| Jul 21, 2005


Feature article, July 21, 2005

Feature article July 21, 2005

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Bear invates Watsons Corners house

by Tom ShoebridgeReprinted from the The Lanark Era with permission of the author

On the only night that a bear decides to invade our house, Im not there to do anything.

On a recent weekend, my wife Gloria was hosting an art workshop for three women, who were sleeping over. I was in Ottawa helping install a patio for my daughter and family, and staying overnight to get an early start the next day.

At about 2:00 am, Gloria heard a crashing noise in our kitchen. As our bedroom is on the same floor, she called out as she expected that one of the women had come up from downstairs where they were all sleeping.

Gloria received no reply. Another crash. She called out again and then heard some noises in our sunroom at the end of the house. It sounded like someone was knocking over heavy pieces of furniture. She put on her nightcoat and glasses and went cautiously down the hall to peer into the sunroom.

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There against the light of the large windows, Gloria saw a large dark shape on the back of a couch. It looked just like a human werewolf, she recalled later.

From the relative safety of the corner of the hall, she momentarily turned on a light to determine exactly what was there. Bouncing from one couch to another, wildly batting against the picture windows was a huge black bear. She estimated that, on its hind legs, it stood about six feet tall with a huge head.

In a split-second decision, Gloria decided that she had to create an escape route for the bear. She thought about the three women downstairs who could come up at any time into a very dangerous situation. Also, she realized she had to do something before our golden retriever dog became involved and made the situation worse.

While the bear was preoccupied by trying to escape from the west end of the room, she quickly crossed into the room and opened the door on the east end and turned on the light in the porch. As the room is quite long, she had some space to cross to the door. She also thought that she opened the porch door to the outside, but later wasnt sure.

She beat a hasty retreat to the safety of the bathroom door and waited for the bear to discover the lit exit. A few moments later, the bear took off through the porch door. Gloria then followed him and locked the door.

Unfortunately, her ordeal wasnt finished. Somehow, the outside porch door became closed and the bear was then locked in our 12 x 12 ft porch.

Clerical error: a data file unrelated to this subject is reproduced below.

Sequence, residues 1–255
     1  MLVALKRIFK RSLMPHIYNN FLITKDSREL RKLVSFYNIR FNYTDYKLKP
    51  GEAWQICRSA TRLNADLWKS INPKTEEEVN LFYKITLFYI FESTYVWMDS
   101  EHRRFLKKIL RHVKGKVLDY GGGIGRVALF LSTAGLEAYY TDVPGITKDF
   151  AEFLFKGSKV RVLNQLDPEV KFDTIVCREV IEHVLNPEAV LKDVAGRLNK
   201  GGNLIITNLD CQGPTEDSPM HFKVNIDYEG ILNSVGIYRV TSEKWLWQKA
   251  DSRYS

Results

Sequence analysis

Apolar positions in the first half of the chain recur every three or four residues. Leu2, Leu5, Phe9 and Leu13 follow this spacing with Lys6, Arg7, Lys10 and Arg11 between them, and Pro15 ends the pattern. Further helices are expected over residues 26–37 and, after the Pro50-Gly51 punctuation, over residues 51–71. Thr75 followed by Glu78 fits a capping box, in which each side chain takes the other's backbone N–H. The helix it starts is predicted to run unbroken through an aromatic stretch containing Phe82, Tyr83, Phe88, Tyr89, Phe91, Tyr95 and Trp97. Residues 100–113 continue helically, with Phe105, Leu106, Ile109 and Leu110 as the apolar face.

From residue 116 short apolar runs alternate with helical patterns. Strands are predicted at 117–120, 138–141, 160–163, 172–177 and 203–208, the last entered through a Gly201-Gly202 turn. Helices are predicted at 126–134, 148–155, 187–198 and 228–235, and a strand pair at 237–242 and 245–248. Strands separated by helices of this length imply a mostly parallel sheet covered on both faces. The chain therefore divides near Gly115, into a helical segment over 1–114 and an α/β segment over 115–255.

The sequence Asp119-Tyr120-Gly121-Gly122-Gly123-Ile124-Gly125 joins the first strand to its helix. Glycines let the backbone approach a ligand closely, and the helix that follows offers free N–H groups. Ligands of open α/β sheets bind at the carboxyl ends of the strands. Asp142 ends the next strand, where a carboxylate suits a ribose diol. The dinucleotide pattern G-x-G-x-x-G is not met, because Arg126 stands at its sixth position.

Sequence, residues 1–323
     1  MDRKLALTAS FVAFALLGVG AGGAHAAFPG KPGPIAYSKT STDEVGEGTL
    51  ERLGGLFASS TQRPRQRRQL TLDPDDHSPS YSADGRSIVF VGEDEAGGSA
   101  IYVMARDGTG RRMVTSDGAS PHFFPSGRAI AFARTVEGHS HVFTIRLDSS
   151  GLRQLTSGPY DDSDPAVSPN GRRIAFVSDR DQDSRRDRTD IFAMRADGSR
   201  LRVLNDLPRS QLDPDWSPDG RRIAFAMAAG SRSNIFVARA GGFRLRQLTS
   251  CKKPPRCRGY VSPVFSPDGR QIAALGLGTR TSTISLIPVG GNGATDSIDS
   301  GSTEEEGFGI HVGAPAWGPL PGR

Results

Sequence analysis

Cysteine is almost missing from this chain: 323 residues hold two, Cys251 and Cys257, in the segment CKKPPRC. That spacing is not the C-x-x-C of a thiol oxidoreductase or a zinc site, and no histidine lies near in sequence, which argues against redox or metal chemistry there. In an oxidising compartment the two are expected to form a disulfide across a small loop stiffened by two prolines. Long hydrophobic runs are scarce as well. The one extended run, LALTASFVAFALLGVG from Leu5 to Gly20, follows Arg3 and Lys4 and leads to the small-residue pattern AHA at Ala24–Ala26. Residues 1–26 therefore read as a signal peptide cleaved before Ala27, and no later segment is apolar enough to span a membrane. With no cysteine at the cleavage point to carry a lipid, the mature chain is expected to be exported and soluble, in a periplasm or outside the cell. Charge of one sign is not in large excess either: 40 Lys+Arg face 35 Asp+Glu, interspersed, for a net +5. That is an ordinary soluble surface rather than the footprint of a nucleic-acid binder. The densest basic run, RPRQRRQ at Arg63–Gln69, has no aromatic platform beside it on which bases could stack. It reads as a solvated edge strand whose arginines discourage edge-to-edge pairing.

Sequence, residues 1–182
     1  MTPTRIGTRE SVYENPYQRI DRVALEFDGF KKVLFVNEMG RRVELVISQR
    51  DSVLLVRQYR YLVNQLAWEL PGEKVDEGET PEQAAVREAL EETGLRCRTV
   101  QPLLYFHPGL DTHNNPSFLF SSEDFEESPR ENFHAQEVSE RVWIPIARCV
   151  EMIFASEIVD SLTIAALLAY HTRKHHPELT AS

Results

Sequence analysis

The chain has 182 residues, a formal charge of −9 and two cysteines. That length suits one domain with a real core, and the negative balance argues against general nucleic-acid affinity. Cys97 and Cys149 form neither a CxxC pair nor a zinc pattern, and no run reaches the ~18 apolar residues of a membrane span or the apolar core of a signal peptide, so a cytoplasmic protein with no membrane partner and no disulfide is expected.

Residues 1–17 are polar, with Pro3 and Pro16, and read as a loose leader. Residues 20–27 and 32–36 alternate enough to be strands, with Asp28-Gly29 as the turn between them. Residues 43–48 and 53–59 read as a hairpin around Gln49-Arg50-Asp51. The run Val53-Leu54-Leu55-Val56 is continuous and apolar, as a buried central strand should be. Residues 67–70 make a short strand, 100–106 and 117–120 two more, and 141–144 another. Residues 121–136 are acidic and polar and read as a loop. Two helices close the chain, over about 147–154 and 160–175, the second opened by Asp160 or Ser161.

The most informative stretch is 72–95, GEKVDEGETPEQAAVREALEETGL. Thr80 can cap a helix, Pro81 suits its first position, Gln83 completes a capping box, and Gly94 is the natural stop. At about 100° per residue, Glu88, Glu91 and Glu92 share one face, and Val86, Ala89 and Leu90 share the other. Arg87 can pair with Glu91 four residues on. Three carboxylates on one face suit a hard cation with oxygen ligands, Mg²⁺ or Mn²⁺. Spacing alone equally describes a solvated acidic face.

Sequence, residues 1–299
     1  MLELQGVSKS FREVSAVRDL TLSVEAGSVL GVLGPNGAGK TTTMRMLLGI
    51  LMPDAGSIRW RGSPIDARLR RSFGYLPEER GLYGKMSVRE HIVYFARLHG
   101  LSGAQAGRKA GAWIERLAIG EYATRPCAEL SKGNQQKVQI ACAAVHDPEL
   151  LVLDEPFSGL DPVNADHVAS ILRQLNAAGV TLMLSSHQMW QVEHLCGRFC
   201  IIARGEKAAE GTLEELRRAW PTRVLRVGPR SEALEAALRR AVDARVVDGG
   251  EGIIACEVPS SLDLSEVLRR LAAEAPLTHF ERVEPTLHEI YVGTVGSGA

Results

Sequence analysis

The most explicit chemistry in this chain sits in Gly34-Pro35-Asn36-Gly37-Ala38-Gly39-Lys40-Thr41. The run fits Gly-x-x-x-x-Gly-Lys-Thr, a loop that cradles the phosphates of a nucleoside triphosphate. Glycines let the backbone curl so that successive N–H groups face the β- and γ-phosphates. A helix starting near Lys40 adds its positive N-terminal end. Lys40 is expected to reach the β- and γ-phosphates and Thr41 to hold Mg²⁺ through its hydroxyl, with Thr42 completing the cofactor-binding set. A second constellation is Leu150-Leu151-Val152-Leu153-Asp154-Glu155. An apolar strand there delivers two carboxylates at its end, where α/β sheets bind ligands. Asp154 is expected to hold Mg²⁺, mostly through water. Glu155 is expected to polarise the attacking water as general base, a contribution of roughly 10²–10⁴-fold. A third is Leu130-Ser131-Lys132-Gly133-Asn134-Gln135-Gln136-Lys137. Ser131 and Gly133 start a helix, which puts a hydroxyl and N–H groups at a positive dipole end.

Gloria then phoned our neighbours, Michael and Marilyn Barnett, who bravely agreed to come over to help. She also checked for our cat and dog, who sleep on the main floor with us. The cat was no-where to be seen (later found terrified under the floor boards). The dog our watch dog - was fast asleep on his mat! She then locked him in the bathroom for his own safety.

Gloria then heard horrific noises from the porch and went back to check on the bear. As the light was on, she could see the bear was frantically trying to get out, ricocheting around the small space, tearing off window sills, wrenching pieces out of the door and leaving claw marks 10 feet high on one wall.

Gloria then made another calculated decision. Waiting until the bear was focused on scratching a hole in the floor of the porch behind a large shelving unit about five feet away, she cautiously opened the door into the porch, took one step in, opened the door to the outside, stepped back into the house and quickly slammed the house door shut.

The bear, hearing the noise, calmly looked up, saw the open door and quickly left the porch. Never to be seen again (we hope).

Then Gloria allowed the adrenalin to flow and to begin to shake. A ten-minute danger had seemed like an eternity.

After some wee drams of sherry with Michael and Marilyn, and later tea with one of the women who heard the voices upstairs, Gloria Davey Crockett Shoebridge went to bed at 5:30 am.

We later determined that the bear had not touched our garbage, barbeque or compost heap, the usual attractions for bears. For some unknown reason, it had broken into out screened-in porch and come through an open kitchen window. It had picked up a bag of apples on the kitchen counter, but then dropped them when Gloria spoke.

Gloria contacted the police and wildlife service people (Bear hot line 1-866-514-2327) in case the bear was a nuisance bear, one that wasnt afraid to approach human dwellings. To date, there have been no further sightings.

Meanwhile, I had a very peaceful sleep in Ottawa.

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